The current scenario of negative interest rates in Europe promoted by the European Central Bank (ECB) has ended up impacting the punished electric consumer. The National Commission of Markets and Competition (CNMC) will have to pay 0.5% annual interest for the custody of the millionaire current account where the surplus of the electricity sector is deposited, this is the amount of more than those paid consumers through the fixed part of their receipts to remunerate regulated system costs such as networks or premiums for renewable energy.

The regulator has tried in recent weeks to carry out a public tender to get a financial entity that is responsible for the free management of this account after receiving a notice of change of conditions by the Santander Bank - current manager of the deposit after inheriting it from the Popular in 2017- to establish a negative interest rate of 0.5% for its custody. Currently the funds deposited amount to around 950 million euros , so the payment would amount to 5 million euros annually. However, the process ended on November 26 and was deserted, since no other bank considered attractive the possibility of managing these funds and offering a positive return or equal to zero.

Sources in the financial sector link the failure of the tender to the current situation of interest rates in Europe, with Euribor at -0.27%. No bank is willing to pay for a liquidity for which they then have to pay the ECB 0.5% interest if they are not able to convert those funds into credit, something increasingly difficult for the economy to cool down. The CNMC is no exception, since banks are already transferring this cost to large corporate or patrimonial clients and nobody can deny today that this is not done in the future with the retail network.

The regulator has tried by all means to avoid this payment after the announcement of the change of conditions of Santander that entered into force last November. The Banco Popular absorbed in 2017 had promised not to charge anything for the account, which Santander now considers out of the market.

The regulator also refused in the drafting of the tender to pay commissions, so the budget was zero euros. "In no case shall the CNMC or the beneficiaries of any expense related to the current account proceed. In particular, there will be no charge for commissions in favor of the successful tenderer for operations related to the opening, management, cancellation and movements of the current account. When the application of the bid submitted by the bidder that is a successful bidder results in a negative final interest (less than zero), the interest rate to be paid will be equal to 0 ", highlighted the public body in the tender specifications bid.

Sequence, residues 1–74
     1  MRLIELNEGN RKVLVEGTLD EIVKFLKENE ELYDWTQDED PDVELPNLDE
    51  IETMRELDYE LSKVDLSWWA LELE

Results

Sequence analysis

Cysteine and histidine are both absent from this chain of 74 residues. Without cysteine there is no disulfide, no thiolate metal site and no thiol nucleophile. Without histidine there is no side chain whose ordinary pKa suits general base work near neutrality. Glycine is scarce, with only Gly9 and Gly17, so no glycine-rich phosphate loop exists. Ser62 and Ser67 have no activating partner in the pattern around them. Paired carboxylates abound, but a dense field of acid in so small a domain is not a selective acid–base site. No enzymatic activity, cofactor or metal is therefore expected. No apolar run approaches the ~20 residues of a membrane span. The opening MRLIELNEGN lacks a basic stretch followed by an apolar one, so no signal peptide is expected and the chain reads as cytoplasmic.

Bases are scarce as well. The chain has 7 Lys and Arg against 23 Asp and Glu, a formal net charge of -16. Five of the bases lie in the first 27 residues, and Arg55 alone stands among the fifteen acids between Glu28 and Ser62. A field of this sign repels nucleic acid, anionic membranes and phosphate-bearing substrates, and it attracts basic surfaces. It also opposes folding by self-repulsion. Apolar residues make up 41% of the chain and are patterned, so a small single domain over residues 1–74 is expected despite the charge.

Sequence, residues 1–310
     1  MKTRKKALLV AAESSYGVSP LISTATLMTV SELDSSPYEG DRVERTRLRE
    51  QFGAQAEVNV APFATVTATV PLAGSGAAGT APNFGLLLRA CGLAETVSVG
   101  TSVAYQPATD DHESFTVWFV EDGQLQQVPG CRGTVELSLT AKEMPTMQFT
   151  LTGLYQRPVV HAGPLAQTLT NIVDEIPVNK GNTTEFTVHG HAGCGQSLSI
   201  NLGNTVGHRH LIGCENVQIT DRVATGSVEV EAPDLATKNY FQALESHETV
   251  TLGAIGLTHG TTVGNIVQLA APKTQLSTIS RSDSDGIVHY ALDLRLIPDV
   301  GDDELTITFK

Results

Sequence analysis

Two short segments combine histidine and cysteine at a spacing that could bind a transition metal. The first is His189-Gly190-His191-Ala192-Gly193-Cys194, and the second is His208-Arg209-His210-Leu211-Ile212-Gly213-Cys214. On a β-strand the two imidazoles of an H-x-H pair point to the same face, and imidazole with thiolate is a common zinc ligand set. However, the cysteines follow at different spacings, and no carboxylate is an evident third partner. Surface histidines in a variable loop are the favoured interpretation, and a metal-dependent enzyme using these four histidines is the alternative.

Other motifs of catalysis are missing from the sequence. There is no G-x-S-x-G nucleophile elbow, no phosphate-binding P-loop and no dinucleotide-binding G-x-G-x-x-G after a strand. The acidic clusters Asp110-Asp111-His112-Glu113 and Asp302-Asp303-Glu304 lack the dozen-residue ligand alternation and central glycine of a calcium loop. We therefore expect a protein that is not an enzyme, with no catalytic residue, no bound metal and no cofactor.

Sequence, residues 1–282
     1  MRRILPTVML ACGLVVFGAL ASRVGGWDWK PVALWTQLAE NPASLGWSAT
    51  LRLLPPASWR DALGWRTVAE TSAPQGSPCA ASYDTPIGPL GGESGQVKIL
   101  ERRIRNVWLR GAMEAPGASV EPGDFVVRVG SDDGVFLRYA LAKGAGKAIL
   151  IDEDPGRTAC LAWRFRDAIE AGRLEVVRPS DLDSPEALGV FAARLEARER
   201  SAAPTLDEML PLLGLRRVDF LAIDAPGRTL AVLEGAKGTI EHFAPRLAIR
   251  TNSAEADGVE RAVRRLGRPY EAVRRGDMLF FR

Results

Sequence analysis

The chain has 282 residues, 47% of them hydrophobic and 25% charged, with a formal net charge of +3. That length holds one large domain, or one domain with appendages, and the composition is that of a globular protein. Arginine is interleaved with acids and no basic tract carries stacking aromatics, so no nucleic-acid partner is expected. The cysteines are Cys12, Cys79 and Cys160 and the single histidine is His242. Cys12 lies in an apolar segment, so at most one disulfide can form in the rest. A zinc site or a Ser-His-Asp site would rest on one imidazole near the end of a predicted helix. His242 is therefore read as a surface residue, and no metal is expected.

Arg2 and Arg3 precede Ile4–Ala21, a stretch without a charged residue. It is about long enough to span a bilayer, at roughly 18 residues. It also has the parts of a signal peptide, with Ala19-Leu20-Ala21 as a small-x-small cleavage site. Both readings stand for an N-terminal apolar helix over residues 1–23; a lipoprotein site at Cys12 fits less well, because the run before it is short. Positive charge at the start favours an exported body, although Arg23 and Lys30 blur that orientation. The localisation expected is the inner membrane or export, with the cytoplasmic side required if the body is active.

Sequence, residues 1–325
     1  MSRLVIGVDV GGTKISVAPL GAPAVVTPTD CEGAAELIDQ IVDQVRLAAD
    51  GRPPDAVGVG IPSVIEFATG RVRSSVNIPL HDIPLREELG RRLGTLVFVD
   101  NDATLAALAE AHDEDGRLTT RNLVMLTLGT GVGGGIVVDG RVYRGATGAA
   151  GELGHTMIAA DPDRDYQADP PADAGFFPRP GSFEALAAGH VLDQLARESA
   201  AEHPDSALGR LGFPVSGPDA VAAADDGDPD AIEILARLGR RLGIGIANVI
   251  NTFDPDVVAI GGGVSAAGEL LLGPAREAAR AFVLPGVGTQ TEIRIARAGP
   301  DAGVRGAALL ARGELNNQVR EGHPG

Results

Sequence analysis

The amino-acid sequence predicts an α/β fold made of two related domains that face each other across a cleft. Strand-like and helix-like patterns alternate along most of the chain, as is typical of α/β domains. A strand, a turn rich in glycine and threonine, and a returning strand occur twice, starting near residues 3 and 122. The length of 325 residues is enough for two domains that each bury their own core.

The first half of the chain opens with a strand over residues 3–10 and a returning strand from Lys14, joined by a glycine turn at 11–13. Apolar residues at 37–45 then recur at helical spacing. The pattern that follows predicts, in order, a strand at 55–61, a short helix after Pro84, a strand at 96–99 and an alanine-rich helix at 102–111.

After knowing the change of conditions, the CNMC took all the money from the current account and deposited it in the Bank of Spain. However, this movement is not going to ease its financial burden since the regulator also charges the regulator 0.5% per service commission. This maneuver would allow at least five million euros to end up entering the accounts of the Bank of Spain and, therefore, those of the Public Treasury, instead of the balance of the entity chaired by Ana Botín. However, financial sources predict that it will be the bank that ends up taking over the account as it already does with other eight current accounts where money is distributed from the electricity sector.

The five million euros will be deducted annually from the electricity surplus. This is a fund managed by the CNMC to meet possible extraordinary costs of the energy sector, such as the payment of some of the thirty international lawsuits that the country faces for the cut to the regulated remuneration of energy Renewable in 2013. In addition, the current legislation provides that this amount can be used to reduce the huge debt of the sector and contribute to lowering the electricity bill of millions of consumers.

It is not the first time that the CNMC withdraws its money from this checking account to avoid being in danger. In the spring of 2017, with the Banco Popular in stock free fall, the public body decided to divert the 950 million euros to the Bank of Spain for fear of bankruptcy of the bank that would end up spilling all the savings. Sources close to the organization remind that on that occasion the action was more than justified since the Deposit Guarantee Fund would only have covered the first 100,000 euros, although the change contributed to worsening the state of the entity and its sale to Santander for a euro.

According to the criteria of The Trust Project

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